Prometheus Labs. Inc. v. Roxane Labs., Inc.

Case Name: Prometheus Labs. Inc. v. Roxane Labs., Inc., Civ. Nos. 11-230, 11-1241 (FSH), 2013 U.S. Dist. LEXIS 176054 (D.N.J. Dec. 16, 2013) (Hochberg, J.) (Section 305 requires that the patent applicant subjectively believes that he or she is submitting prior art to the USPTO and that such belief is objectively reasonable.)

Drug Product and Patent(s)-in-Suit: Lotronex® (alosetron hydrochloride); U.S. Patent No. 6,284,770 (“the ’770 patent”)

Nature of the Case and Issue(s) Presented: In 2009, Prometheus filed a request with the USPTO for ex parte reexamination of the ’770 patent, identifying “Magnet” and “Rubicon” as non-patent literature documents. Prometheus’ request for reexamination did not cite any prior art references other than Magnet and Rubicon. On December 30, 2009, the USPTO granted Prometheus’ petition seeking review of the denial of its request for reexamination. On February 24, 2010, the USPTO rejected claims 2, 3, 5, 6, and 8-18 under 35 U.S.C. § 103(a) as being unpatentable over Rubicon in view of the Magnet, Bardhan, Hsyu, Drossman, and Saxena references. During the subsequent reexamination, all of the original claims of the ’770 patent were either cancelled (claims 1-4 and 7-9) or amended (claims 5-6) in response to the February 24, 2010 office action. The reexamination certificate of the ’770 patent was issued on October 19, 2010 with amended claims 5-6 and new claims 10-16. But in this litigation, the parties now agree that Rubicon and Magnet are not prior art.

Prometheus and Cipla filed dueling motions for summary judgment related to invalidity under 35 U.S.C. § 305. Prometheus argues it is entitled to summary judgment of no invalidity under § 305 with respect to the ’770 patent for two reasons: first, it argues that whether or not claims were changed in light of prior art should be evaluated based on the record at the time of reexamination using a subjective standard, which it argues is met here; and second, it argues that the latter half of § 305 allows for amendments in response to an adverse action by the USPTO, and there is no dispute that Prometheus amended the ’770 patent in response to an adverse action by the USPTO. Cipla argues that it is entitled to summary judgment of invalidity under § 305 regarding the ’770 patent because, as the parties now agree, Magnet and Rubicon are not prior art. The court denied Cipla’s motion and granted Prometheus’ motion.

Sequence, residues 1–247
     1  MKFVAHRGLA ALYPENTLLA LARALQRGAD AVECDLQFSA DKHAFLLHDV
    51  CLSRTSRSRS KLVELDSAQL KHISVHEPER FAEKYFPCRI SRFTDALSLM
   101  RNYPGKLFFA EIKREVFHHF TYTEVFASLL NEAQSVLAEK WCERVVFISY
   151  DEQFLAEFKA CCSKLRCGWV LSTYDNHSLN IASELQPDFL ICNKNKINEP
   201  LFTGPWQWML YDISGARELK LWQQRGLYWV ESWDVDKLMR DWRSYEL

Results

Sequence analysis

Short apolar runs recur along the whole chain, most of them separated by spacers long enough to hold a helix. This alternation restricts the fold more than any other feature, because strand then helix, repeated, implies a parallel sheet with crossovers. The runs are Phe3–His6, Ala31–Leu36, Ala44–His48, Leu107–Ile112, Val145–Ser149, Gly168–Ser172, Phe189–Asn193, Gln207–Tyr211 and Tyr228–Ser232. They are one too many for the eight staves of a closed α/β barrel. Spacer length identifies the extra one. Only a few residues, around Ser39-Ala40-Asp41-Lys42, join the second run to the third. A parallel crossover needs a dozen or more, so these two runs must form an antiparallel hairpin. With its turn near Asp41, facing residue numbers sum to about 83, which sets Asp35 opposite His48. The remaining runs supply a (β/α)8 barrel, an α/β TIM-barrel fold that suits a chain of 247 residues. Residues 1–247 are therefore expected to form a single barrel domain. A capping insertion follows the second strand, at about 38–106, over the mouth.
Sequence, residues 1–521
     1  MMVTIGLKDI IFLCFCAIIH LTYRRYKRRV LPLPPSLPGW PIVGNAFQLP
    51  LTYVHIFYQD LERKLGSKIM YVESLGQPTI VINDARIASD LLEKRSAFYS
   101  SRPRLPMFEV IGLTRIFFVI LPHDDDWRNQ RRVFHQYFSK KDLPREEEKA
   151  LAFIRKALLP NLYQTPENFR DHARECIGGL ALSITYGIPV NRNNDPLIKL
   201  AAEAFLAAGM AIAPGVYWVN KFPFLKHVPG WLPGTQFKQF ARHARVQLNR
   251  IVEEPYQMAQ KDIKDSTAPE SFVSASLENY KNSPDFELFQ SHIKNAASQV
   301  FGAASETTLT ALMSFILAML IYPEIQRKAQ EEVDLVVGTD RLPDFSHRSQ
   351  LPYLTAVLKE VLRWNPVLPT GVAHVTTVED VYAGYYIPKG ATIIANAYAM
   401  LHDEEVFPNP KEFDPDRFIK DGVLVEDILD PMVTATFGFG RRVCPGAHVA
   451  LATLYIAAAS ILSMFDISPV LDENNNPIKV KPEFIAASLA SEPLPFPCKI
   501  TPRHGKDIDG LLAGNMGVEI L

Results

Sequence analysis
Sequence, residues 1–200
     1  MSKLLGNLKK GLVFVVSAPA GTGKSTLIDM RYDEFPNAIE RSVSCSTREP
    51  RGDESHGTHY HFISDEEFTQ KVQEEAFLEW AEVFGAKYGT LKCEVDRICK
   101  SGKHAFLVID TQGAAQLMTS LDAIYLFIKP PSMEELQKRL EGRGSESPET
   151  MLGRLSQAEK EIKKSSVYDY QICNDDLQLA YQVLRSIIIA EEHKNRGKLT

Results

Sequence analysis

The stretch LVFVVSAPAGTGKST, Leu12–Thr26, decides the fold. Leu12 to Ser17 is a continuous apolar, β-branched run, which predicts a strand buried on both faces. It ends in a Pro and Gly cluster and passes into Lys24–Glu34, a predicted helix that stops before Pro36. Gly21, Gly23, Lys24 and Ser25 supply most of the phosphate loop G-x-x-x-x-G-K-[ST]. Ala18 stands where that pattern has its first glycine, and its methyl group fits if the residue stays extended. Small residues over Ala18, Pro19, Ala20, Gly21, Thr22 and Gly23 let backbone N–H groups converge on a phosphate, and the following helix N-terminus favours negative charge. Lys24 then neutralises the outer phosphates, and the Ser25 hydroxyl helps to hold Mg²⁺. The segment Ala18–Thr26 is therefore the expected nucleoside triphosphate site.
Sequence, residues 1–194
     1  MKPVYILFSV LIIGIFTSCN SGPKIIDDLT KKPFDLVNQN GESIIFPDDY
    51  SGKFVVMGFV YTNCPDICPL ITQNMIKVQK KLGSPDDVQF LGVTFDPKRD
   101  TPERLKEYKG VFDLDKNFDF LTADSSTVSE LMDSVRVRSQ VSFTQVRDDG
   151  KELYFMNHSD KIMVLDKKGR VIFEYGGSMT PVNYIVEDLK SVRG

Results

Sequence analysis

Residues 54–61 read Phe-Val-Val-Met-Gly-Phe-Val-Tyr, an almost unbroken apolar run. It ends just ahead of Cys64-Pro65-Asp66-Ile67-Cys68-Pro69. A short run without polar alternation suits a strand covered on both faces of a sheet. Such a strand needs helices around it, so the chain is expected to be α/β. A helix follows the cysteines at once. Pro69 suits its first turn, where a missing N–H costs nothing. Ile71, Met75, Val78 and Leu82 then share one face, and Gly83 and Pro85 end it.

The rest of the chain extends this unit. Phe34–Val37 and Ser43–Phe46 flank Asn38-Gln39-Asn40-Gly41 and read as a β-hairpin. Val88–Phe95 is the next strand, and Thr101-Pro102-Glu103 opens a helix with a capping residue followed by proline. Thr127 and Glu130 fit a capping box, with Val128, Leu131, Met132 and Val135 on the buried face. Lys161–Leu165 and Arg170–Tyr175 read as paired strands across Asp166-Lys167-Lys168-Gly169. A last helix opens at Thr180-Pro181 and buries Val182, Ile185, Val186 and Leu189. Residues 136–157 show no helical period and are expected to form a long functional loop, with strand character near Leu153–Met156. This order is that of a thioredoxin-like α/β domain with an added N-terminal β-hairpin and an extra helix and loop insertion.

Why Prometheus Prevailed: Neither party was able to cite a case in support of its respective position. “In the absence of case law, the Court [was] guided by the language of the statute and its legislative history.” Cipla does not dispute that Prometheus’ reexamination counsel subjectively believed Magnet and Rubicon were prior art at the time of reexamination and that his belief was objectively reasonable. Rather, Cipla argued that it is the current litigation status of the alleged prior art, “viewed with the benefit of hindsight and new discovery,” that controls whether a party complied with §§ 301, 302, and 305 in the past, at the time of reexamination. The court found that the plain language of § 301 supports finding that the statute requires only a good-faith subjective belief that is objectively reasonable. Section 301 states that any person may cite to the USPTO “prior art consisting of patents or printed publications which that person believes to have a bearing on the patentability of any claim of a particular patent….” (emphasis in original). Therefore, the “focus of § 301 is on the belief of the person citing the prior art.”Cipla’s argument therefore does not comport “with the plain language of the statute or common sense.” Because there was a subjective belief that was objectively reasonable at the time of the reexamination request that Magnet and Rubicon were prior art, Prometheus’ reexamination complied with § 305, and the ’770 patent is not invalid under § 305.

The articles on our Website include some of the publications and papers authored by our attorneys, both before and after they joined our firm. The content of these articles should not be taken as legal advice.